I was thinking about non-native species at the AGM on Saturday on the weekend before last and wondered when the pheasant shooting season starts - it must be around now.  And it is - the 1 October.

Pheasants are not, of course, native to the UK.  They are an Asian species like the ring-necked parakeet - although pheasants have been running around our countryside for a lot longer so we have got used to them and, I guess, tend to see them as part of the natural scene.

When the Romans brought them here there was no great worry about transporting species around the world. But I wonder what impact, if any, all those pheasants have had, and do have, and may have, on our native wildlife.

We've given this a bit of thought but it is definitely work in progress.

The numbers of pheasants released into the UK countryside is enormous - about 35 million birds a year.  'Only' 15 million of them are shot each year, which means that although the BBS shows a steady increase in numbers, many of them must end up inside natural predators rather than in people's freezers, ovens and tummies.

That's an awful lot of bird meat that is feeding crows and foxes and a range of other species isn't it?

I wonder how much the increase in some predator numbers is fuelled by this meat bonanza?  Maybe not at all?  But given that many of those pheasants are available over the harsh winter period it seems possible that there is some impact.  The most mischievous might suggest that live pheasants are eating food that native species such as finches and buntings should eat and dead pheasants are feeding generalist predators - but it clearly is not that simple. 

Pheasant management at its best provides lots of cover and food that benefits other species.   But the increasing (I think it's increasing) trend for big-shoot days where huge numbers of pheasants are released worries many in the shooting community as well as seeming to me to be at the more worrying end of the specrtrum from an ecological point of view.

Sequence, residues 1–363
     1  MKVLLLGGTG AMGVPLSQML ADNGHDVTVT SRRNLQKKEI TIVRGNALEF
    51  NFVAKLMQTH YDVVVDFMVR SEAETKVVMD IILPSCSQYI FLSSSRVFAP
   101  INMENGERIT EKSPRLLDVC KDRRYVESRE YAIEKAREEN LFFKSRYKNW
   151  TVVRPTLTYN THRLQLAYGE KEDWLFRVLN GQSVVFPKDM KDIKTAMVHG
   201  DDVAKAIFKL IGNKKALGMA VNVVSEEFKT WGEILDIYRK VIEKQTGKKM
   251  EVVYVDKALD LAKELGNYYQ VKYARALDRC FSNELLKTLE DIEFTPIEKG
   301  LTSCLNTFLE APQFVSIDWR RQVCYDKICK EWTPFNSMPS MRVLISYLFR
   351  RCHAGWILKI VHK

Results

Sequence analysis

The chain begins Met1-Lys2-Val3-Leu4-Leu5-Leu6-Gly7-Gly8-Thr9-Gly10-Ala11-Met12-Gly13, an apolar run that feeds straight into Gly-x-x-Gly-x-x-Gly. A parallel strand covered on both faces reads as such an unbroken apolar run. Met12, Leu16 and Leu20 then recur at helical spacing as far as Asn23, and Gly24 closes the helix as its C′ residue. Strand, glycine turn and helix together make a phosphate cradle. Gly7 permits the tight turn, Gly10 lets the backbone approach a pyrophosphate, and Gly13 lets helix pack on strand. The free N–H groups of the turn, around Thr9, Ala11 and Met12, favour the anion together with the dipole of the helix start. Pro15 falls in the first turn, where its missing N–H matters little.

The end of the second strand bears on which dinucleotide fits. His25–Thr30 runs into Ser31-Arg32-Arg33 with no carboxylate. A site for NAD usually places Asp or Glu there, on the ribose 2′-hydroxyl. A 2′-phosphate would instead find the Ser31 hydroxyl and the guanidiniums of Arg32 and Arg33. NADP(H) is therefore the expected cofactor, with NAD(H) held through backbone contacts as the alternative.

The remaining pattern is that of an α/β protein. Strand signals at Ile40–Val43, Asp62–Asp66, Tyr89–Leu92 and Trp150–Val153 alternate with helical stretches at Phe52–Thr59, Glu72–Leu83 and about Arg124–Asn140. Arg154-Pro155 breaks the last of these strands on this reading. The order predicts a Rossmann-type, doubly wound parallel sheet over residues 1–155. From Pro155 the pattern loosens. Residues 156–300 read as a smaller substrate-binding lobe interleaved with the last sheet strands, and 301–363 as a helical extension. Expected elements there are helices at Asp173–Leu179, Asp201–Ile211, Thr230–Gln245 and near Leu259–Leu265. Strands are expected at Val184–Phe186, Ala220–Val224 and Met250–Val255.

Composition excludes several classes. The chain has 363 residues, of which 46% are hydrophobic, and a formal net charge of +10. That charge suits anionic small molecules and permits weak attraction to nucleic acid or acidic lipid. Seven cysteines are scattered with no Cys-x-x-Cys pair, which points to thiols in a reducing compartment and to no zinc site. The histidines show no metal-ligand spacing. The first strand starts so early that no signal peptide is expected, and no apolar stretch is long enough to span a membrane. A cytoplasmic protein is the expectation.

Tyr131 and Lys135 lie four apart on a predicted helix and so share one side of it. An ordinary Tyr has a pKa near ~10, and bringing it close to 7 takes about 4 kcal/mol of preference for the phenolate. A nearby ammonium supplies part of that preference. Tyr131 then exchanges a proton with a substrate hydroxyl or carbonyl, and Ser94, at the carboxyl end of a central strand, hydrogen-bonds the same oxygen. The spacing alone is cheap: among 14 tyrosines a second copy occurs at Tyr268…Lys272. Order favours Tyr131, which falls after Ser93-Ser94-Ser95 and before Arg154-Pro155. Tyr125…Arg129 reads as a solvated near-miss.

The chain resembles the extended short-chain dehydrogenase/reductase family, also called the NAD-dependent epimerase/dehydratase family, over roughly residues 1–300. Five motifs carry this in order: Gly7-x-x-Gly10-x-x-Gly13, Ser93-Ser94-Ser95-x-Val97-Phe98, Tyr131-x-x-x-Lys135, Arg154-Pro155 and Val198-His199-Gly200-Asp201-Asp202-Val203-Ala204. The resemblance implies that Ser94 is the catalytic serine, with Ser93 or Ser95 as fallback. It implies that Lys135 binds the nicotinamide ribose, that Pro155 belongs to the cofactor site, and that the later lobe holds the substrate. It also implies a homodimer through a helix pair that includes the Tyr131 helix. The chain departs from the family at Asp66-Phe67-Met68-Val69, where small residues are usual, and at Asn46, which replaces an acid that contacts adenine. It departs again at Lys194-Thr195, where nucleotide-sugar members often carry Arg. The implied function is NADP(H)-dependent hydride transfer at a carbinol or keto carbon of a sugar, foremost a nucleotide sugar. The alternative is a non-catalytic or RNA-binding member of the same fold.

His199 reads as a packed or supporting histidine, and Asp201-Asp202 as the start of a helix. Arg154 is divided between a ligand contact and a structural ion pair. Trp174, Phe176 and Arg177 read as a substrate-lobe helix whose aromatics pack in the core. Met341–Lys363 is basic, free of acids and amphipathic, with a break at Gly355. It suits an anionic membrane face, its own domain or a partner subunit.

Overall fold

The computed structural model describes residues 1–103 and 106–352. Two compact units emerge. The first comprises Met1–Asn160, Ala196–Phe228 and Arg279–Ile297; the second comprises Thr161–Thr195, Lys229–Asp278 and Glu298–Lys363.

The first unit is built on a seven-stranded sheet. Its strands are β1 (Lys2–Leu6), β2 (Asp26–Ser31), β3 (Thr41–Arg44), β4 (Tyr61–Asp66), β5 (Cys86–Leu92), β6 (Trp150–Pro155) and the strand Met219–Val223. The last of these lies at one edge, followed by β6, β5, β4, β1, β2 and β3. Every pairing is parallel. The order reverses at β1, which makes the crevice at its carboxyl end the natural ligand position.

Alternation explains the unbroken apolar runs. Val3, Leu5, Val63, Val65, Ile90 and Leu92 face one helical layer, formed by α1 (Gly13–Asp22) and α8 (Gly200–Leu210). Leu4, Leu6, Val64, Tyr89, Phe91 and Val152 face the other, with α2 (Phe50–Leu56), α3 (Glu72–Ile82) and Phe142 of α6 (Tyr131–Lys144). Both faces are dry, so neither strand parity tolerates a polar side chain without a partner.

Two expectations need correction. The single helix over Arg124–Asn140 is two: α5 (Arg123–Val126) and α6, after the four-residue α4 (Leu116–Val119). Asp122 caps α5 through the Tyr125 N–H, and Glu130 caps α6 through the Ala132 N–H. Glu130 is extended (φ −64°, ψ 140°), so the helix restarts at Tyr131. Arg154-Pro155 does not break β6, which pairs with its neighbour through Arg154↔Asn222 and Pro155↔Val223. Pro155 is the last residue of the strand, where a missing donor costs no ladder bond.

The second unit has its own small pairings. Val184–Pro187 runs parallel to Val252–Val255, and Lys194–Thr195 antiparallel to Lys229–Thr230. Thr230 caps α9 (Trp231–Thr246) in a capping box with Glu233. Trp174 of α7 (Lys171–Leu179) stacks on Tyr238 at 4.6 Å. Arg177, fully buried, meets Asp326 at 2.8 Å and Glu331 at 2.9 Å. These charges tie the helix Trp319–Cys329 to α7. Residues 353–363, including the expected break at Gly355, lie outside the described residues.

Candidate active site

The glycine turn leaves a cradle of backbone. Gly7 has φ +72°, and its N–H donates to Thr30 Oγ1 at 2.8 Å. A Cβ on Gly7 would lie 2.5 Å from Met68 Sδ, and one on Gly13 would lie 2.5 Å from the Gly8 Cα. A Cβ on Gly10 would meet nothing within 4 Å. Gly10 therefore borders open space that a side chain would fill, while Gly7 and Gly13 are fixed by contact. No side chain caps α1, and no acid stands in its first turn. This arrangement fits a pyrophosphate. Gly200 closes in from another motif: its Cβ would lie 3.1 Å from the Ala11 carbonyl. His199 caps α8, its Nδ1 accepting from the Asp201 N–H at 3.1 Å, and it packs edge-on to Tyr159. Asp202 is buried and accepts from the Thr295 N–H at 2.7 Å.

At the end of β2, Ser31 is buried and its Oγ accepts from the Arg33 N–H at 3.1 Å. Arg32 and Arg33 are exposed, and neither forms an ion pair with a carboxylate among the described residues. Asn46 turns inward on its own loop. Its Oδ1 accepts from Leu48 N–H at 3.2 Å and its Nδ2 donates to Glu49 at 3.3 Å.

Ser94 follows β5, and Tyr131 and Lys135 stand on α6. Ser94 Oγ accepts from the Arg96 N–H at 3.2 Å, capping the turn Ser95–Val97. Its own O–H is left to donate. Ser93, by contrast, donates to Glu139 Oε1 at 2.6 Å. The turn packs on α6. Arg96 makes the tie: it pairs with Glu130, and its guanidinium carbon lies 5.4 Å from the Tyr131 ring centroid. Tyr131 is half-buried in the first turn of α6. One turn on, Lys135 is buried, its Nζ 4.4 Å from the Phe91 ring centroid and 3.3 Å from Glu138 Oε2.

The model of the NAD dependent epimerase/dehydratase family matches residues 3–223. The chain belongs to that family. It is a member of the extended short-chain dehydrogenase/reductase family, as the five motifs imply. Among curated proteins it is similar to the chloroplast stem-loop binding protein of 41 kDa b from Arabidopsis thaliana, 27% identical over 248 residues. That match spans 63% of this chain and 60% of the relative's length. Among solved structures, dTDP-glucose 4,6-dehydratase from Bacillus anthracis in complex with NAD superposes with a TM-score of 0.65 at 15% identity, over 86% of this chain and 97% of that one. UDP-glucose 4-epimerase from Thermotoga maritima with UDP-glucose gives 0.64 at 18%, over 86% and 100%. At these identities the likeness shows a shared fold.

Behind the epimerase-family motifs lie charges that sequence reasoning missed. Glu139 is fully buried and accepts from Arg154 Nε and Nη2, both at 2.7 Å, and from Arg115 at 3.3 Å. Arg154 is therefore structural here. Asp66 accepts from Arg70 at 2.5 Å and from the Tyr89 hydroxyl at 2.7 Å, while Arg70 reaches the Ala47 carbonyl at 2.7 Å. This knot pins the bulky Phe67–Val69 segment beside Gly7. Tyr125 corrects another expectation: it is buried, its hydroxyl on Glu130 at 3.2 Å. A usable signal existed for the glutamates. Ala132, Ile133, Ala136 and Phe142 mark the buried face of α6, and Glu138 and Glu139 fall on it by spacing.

I think the pheasant illustrates some interesting points.  First, those 35 million non-native birds are released into the countryside without a licence whereas a few white-tailed eagles, a native species, require a whole lot of bureaucracy.  I'm with the bureaucrats on this one actually - but it's a very interesting difference.  Second, it's sometimes rather tricky to be sure what impact an introduction has or might have, but some species may be relatively benign whereas others cause lots of damage.  Prevention is always easier than cure in these circumstances.

If you have a look at the excellent BirdTrack you'll see that pheasant reporting rates (that is, the proportion of bird lists which include pheasants) have a consistent double peak in the year - in April and in late-October.  I imagine, please correct me if you know or think differently, that the spring peak is because male pheasants make more noise then so they are easier to pick up even if you don't see them, and that the second peak is to do with all those releases?  Is that right?

  • Pheasants present in reasonable numbers have a particularly adverse effect on many of or native species, especially amphbians and reptiles. Pheasants prey on the common lizard and newts as well as the young of sloworms, grassanakes and adders especially. I kinow of a number of locations where reptiles used to be present in good numbers and their demise has coincided with a massive increase in pheasant numbers. It is also strongly suspected that pheasants are responsible, at least in part, for the big drop in some of our butterfly populations through their predation of the catterpillars. So you are quite right Mark why is the reintroduction of a few White-tailed Eagles, which are essentially not an foreign species, subject to such bureaucracy when breeding hundreds of thousands of pheasants have no restictions and and the species is most definitely alien.